Said more simply, Hadoop lets you chop up large amounts of data and processing so as to spread it out over a dedicated cluster of commodity server machines, providing high scalability, fault tolerance and efficiency in processing operations on large quantities of unstructured data (text and web content) and semi-structured data (log records, social graphs, etc.)  In as much as a computer exists to process data, Hadoop in effect turns lots of cheap little computers into one big computer that is especially good for analyzing indexed text.

By far Hadoop's most generally interesting and newsworthy triumph to date has been helping IBM's Watson supercomputer beat the best humans on Jeopardy.  That role is dissected here.

Aside from winning game shows, though, what is Hadoop good for?   Speaking of the Big Data biggie, IBM, here is Big Blue's answer to that question by way of a pithy Judith Hurwitz tweet:

 

But, Hadoop is immature - not yet at Version 1! - open source code created and edited by many different pro bono programmers, without a commercial binding of business process, coding disciplines, or direct market dynamics.  In other words, it is what it is and some of the functions that are hard or tedious to code, even if nonetheless badly needed, go wanting.  (Read tales of "zombie tasks" and other terrors from the "Dark Side of Hadoop" here.)

In any case, though, Hadoop is very versatile and many smart people and companies have found an amazing variety of uses to put it to.  And it is always fun to watch the tech world wind itself up around a new topic.  Big Data is the new black and Hadoop is the "it" elephant.

But it isn't good for everything.  See http://wiki.apache.org/hadoop/HadoopIsNot or read Ricky Ho's excellent blog post, which shows how Hadoop's design makes it a poor choice for things like fast, interactive, ad hoc analysis of large amounts of frequently updated structured (transactional) data, as for, say, all the daily trades in a busy stock exchange or large retail chain.

As Ho explains it, Hadoop spreads data out in file chunks on a number of computers and it breaks programming down into many small tasks, also spread across those machines and run in parallel as a batch job.  While a job is running, the data it is working on cannot be updated and, because the processes must communicate with each other and they are spread out across multiple networked computers, there is considerable network-related latency in the execution of the job.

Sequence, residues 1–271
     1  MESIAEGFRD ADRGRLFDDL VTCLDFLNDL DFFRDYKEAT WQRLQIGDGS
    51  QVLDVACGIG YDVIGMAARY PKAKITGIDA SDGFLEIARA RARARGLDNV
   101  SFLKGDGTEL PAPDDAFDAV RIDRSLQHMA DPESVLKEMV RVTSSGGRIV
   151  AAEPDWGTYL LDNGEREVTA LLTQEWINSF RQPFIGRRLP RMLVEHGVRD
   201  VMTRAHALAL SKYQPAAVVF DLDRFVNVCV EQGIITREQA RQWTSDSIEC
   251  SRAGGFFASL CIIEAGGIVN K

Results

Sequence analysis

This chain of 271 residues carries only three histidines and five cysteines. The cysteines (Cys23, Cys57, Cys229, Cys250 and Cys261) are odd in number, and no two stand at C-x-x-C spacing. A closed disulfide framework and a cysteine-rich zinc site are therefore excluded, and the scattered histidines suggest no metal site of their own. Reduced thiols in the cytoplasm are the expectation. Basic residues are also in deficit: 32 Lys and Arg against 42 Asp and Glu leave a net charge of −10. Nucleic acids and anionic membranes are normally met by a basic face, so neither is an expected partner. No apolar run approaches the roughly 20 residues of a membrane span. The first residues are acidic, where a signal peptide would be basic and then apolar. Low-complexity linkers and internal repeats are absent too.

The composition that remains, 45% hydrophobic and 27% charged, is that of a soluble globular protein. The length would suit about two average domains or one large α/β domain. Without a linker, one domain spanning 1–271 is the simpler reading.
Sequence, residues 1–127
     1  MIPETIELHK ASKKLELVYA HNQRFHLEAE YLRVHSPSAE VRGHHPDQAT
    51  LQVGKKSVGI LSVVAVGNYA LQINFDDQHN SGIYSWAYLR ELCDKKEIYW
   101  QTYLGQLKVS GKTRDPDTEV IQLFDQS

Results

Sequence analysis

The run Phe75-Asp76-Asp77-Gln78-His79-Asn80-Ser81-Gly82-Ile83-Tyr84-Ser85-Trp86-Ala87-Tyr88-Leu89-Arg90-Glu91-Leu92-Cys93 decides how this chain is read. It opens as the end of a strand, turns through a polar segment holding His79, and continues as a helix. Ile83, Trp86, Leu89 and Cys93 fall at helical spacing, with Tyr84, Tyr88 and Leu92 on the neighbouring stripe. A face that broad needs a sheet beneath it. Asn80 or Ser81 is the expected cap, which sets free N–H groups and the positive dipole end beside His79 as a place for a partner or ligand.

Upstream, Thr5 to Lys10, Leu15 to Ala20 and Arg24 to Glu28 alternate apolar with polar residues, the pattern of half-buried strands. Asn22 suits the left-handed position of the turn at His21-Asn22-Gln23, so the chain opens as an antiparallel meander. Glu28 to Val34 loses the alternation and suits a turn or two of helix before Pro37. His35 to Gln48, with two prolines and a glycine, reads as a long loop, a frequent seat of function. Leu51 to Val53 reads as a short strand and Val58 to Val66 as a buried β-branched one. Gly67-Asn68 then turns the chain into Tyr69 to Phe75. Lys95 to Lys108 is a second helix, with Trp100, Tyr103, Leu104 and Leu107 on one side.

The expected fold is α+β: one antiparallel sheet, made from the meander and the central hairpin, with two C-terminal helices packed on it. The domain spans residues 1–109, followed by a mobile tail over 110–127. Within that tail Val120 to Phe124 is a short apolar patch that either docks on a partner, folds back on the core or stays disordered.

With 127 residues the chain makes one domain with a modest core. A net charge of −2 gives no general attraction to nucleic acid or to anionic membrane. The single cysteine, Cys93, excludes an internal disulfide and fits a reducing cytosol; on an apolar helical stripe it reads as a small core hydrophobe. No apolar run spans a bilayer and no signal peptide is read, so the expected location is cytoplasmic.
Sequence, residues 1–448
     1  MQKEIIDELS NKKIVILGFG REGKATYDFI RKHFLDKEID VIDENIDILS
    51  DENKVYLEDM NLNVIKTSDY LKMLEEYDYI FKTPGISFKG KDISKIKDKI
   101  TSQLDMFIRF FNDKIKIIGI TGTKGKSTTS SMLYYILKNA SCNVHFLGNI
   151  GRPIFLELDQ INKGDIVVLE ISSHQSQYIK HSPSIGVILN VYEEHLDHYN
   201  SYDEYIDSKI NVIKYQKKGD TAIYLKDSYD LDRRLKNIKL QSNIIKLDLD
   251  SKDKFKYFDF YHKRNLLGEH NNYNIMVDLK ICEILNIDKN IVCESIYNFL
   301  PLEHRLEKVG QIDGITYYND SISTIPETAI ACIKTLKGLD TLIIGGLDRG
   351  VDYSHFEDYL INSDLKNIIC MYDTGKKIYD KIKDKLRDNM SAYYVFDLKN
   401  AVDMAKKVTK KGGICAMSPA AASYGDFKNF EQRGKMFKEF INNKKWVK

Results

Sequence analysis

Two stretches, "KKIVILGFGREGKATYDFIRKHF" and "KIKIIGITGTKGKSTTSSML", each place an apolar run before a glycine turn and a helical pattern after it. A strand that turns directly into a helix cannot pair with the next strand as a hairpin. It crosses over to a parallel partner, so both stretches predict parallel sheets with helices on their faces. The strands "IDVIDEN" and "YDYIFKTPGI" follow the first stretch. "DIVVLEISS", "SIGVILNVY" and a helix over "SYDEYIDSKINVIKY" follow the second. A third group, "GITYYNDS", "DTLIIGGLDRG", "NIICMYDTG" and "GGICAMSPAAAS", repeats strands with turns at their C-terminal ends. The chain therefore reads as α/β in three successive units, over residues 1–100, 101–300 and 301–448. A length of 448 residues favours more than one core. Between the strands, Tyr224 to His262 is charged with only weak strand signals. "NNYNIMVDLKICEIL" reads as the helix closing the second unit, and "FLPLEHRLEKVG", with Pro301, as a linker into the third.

Hadoop grew out of work done by both Yahoo and Google, which betrays its essence of purpose: gathering, storing and indexing, vast amounts of chunks of text and semi-structured data, understanding the relationships between those chunks, and finding them quickly when needed.  So, it is not surprising that the most impressive uses of Hadoop we have seen are in the area of analyzing so called "social data".

That's the voluminous accumulation of comments, web pages, and tweets, the identities, locations, relationships and other attributes associated with the people, sites, things and processes referenced in that data.  There is much to be learned from such data.  But when there is a lot of it, just putting it somewhere and searching and analyzing it efficiently across multiple computers and disks is difficult and Hadoop and many of its best applications are built for making that easier.

But, there are numerous products now layered on top of Hadoop that make it function as a tabular relational database and other forms of storage.  This enables customers to reuse SQL code they have already developed and to develop new query code in a language they know.  And it enables Hadoop to go pilot fish or Trojan horse on Oracle and MySQL.  But, using SQL as an access language and materializing data in unordered, joined, indexed tables does not play to Hadoop's natural strengths.

Hive is a Hadoop project that relationalizes Hadoop for data warehousing and analytics and here is what one apparently experienced crowdsourcer said about it on the Stack Overflow site.